Thousands of Donegal families living in crumbling homes

Families started to see huge cracks appearing on walls built with blocks containing Mica Muscovite mineral dust.
Seamus McKinney

THOUSANDS of Donegal families are living under intolerable stress because their homes are falling apart due to defective building blocks, a campaign group has claimed.

An estimated 5,000 homes are believed to be at risk of collapse as the foundations and blocks used to build them crumble. The homes were built since the 1980s with concrete blocks containing mica muscovite mineral dust.

When the block work is exposed to winter frost, wet and thaw, the cement crumbles at an alarming rate, leaving huge gaps in walls.

According to the Mica Action Group, the crisis was a factor in the death of a home-owner who took his own life in Inishowen earlier this year.

The man was forced to move his family out of their home into rented accommodation because of the problem.

Group treasurer, Phil McDaid said families and individuals were living under huge emotional and mental stress.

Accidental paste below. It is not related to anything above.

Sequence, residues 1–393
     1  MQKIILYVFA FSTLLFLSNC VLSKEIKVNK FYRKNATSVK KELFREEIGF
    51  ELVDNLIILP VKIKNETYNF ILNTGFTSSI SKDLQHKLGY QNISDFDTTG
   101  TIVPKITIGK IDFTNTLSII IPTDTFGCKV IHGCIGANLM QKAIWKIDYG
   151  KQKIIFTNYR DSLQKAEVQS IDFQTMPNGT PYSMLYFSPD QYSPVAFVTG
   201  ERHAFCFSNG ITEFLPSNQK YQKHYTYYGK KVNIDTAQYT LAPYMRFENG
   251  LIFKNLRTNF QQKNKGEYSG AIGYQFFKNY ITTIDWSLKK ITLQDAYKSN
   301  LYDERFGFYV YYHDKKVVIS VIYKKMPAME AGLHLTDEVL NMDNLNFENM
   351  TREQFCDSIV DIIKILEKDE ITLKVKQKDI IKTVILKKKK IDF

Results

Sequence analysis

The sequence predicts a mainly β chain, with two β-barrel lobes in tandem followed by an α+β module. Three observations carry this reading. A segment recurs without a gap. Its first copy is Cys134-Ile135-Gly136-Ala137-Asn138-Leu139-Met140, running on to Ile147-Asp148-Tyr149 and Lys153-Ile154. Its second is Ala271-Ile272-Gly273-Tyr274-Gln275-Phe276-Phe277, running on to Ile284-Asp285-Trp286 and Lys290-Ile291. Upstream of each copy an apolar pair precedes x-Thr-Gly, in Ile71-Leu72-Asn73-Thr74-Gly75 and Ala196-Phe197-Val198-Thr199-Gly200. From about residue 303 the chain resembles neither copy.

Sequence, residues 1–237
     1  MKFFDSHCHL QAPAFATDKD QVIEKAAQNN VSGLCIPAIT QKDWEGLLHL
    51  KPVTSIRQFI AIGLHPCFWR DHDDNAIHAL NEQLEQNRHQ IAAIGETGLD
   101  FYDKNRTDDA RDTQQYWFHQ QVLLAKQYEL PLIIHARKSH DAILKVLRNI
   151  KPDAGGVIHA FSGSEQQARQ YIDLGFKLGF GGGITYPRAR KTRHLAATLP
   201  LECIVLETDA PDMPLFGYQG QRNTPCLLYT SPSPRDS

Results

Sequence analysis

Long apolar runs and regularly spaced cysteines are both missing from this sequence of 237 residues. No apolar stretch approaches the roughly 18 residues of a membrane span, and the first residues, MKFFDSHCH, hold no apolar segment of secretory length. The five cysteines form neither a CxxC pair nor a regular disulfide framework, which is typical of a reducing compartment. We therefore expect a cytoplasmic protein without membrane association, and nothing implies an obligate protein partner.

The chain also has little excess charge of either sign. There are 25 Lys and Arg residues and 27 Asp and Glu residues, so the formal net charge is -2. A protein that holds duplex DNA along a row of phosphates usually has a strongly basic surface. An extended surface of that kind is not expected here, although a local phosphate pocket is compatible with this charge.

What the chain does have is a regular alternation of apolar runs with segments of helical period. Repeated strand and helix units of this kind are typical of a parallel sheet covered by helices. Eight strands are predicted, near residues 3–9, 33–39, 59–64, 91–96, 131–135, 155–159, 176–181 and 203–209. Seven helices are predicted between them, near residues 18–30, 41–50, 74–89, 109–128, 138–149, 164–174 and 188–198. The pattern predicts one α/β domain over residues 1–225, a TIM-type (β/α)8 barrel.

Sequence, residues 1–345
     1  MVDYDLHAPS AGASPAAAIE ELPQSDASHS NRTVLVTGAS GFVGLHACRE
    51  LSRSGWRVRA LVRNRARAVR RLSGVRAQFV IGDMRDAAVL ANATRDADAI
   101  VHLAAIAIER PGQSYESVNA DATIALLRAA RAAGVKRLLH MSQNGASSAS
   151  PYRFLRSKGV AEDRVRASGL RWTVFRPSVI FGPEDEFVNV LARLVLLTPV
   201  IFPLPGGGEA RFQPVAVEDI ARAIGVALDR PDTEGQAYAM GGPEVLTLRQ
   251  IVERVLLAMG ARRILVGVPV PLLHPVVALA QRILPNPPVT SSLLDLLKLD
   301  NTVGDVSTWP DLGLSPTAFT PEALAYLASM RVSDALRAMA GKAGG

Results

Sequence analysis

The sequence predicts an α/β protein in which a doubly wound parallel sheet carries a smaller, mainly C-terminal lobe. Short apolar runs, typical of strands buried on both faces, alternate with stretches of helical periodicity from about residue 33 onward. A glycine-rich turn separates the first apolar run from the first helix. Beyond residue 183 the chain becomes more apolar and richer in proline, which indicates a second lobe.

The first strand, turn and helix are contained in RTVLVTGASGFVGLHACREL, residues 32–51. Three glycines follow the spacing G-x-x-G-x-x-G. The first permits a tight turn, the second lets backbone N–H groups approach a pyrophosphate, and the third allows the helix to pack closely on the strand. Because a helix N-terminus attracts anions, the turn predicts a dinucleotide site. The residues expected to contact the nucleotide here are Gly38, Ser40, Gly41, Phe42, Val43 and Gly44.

“People are being forced to move out of their homes and some people cannot afford to do that. Young families have taken out mortgages to build homes and now they cannot afford to move and have to live in houses which are falling apart. They can't sell their homes because they are now worthless.

“People have invested their life's savings in building dream homes and in building holiday homes in Donegal and now they are falling part. There is huge stress,” he said.

Families have reported filling holes in walls and ceilings with anything that comes to hand to keep out the wind and rain. Others say they are living in constant fear that a wall will fall in on their children, Mr McDaid said.

The first homes to record problems with the blocks containing mica were seen in the early 1980s. It was later found that the vast majority of the homes had been built with blocks supplied by the same firm.

Home owners now want the Irish government to intervene. Mr McDaid said the families wanted the government to provide funding to deal with the problem and to relocate families while the issue was being dealt with.

“There is a precedent. In Dublin, Laois and Offaly, the government provided help for people who had problems with defective sub floors. It's the same thing it is about defective building material,” he said.

The group has held a number of meetings with government ministers. Mr McDaid said they were hopeful that solutions could be found. He said Dublin housing minister, Damien English had assured the group that the government was close to developing a funding formula.

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